The endothelium functions as a semipermeable barrier regulating tissue fluid homeostasis and transmigration of leukocytes and providing essential nutrients across the vessel wall. Transport of plasma proteins and solutes across the endothelium involves two different routes: one transcellular, via caveolae-mediated vesicular transport, and the other paracellular, through interendothelial junctions. The permeability of the endothelial barrier is an exquisitely regulated process in the resting state and in response to extracellular stimuli and mediators. The focus of this review is to provide a comprehensive overview of molecular and signaling mechanisms regulating endothelial barrier permeability with emphasis on the cross-talk between paracellular and transcellular transport pathways.
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            Regulation of endothelial junctional permeability.

            The endothelium is a semi-permeable barrier that regulates the flux of liquid and solutes, including plasma proteins, between the blood and surrounding tissue. The permeability of the vascular barrier can be modified in response to specific stimuli acting on endothelial cells. Transport across the endothelium can occur via two different pathways: through the endothelial cell (transcellular) or between adjacent cells, through interendothelial junctions (paracellular). This review focuses on the regulation of the paracellular pathway. The paracellular pathway is composed of adhesive junctions between endothelial cells, both tight junctions and adherens junctions. The actin cytoskeleton is bound to each junction and controls the integrity of each through actin remodeling. These interendothelial junctions can be disassembled or assembled to either increase or decrease paracellular permeability. Mediators, such as thrombin, TNF-alpha, and LPS, stimulate their respective receptor on endothelial cells to initiate signaling that increases cytosolic Ca2+ and activates myosin light chain kinase (MLCK), as well as monomeric GTPases RhoA, Rac1, and Cdc42. Ca2+ activation of MLCK and RhoA disrupts junctions, whereas Rac1 and Cdc42 promote junctional assembly. Increased endothelial permeability can be reversed with "barrier stabilizing agents," such as sphingosine-1-phosphate and cyclic adenosine monophosphate (cAMP). This review provides an overview of the mechanisms that regulate paracellular permeability.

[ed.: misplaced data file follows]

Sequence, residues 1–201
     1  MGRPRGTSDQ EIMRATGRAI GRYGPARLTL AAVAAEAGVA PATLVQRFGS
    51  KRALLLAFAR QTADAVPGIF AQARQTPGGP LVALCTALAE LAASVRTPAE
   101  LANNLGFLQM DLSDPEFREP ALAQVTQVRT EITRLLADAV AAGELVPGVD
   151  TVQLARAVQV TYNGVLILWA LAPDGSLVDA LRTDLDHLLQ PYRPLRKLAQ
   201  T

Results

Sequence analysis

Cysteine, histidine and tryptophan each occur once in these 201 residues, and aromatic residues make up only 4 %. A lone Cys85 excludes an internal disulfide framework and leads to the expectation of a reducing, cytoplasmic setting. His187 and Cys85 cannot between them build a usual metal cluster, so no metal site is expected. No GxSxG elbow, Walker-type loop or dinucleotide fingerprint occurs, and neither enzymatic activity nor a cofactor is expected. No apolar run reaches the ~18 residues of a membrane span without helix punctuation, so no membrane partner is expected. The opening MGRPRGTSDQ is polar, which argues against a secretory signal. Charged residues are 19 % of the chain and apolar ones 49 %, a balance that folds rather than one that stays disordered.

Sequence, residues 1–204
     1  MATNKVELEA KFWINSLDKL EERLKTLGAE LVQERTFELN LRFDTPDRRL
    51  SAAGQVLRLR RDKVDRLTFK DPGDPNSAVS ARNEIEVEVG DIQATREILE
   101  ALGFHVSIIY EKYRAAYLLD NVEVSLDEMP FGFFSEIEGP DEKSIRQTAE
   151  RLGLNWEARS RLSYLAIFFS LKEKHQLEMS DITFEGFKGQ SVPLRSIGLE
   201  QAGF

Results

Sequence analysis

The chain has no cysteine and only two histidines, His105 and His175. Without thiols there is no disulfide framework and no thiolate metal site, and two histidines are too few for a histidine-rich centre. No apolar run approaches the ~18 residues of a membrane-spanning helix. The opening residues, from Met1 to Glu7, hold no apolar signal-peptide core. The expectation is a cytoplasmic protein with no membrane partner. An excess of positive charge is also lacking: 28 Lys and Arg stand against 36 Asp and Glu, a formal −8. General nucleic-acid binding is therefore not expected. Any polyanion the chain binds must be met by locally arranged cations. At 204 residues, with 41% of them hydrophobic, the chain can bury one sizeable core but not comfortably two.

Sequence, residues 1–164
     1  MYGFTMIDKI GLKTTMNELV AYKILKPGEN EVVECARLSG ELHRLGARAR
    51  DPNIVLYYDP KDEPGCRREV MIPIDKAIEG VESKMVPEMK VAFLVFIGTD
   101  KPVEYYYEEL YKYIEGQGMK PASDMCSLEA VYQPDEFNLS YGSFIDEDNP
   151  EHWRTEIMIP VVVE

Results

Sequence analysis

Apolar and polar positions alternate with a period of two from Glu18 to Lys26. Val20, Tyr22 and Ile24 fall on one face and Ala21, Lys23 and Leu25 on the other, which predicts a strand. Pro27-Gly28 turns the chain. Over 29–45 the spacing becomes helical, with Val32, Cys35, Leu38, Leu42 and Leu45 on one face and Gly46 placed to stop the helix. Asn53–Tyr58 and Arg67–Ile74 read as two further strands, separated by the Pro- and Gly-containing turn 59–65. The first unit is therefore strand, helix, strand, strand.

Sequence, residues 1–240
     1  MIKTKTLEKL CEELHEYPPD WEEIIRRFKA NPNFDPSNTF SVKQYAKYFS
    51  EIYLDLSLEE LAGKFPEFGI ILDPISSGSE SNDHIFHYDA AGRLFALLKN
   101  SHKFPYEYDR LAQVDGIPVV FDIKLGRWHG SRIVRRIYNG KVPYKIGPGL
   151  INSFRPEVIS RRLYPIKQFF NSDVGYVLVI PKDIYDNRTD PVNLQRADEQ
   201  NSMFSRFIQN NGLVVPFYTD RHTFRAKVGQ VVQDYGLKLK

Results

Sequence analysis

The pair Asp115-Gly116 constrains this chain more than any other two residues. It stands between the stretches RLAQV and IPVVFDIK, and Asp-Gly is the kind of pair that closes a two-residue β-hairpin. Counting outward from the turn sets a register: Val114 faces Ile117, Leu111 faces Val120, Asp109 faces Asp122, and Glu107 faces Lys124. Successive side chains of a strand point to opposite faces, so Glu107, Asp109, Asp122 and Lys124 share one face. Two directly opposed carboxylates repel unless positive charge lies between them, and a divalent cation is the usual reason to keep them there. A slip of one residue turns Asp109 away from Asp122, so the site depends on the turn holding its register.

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              Biological markers of acute lung injury: prognostic and pathogenetic significance.


                Author and article information

                Stem Cell Res Ther
                Stem Cell Res Ther
                Stem Cell Research & Therapy
                BioMed Central (London )
                24 March 2015
                24 March 2015
                : 6
                : 1
                Department of Critical Care Medicine, Zhong-Da Hospital, School of Medicine, Southeast University, #87 Dingjiaqiao Road, Nanjing, 210009 Jiangsu P.R. China
                © Chen et al.; licensee BioMed Central. 2015

                This is an Open Access article distributed under the terms of the Creative Commons Attribution License ( http://creativecommons.org/licenses/by/4.0), which permits unrestricted use, distribution, and reproduction in any medium, provided the original work is properly credited. The Creative Commons Public Domain Dedication waiver ( http://creativecommons.org/publicdomain/zero/1.0/) applies to the data made available in this article, unless otherwise stated.

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                Molecular medicine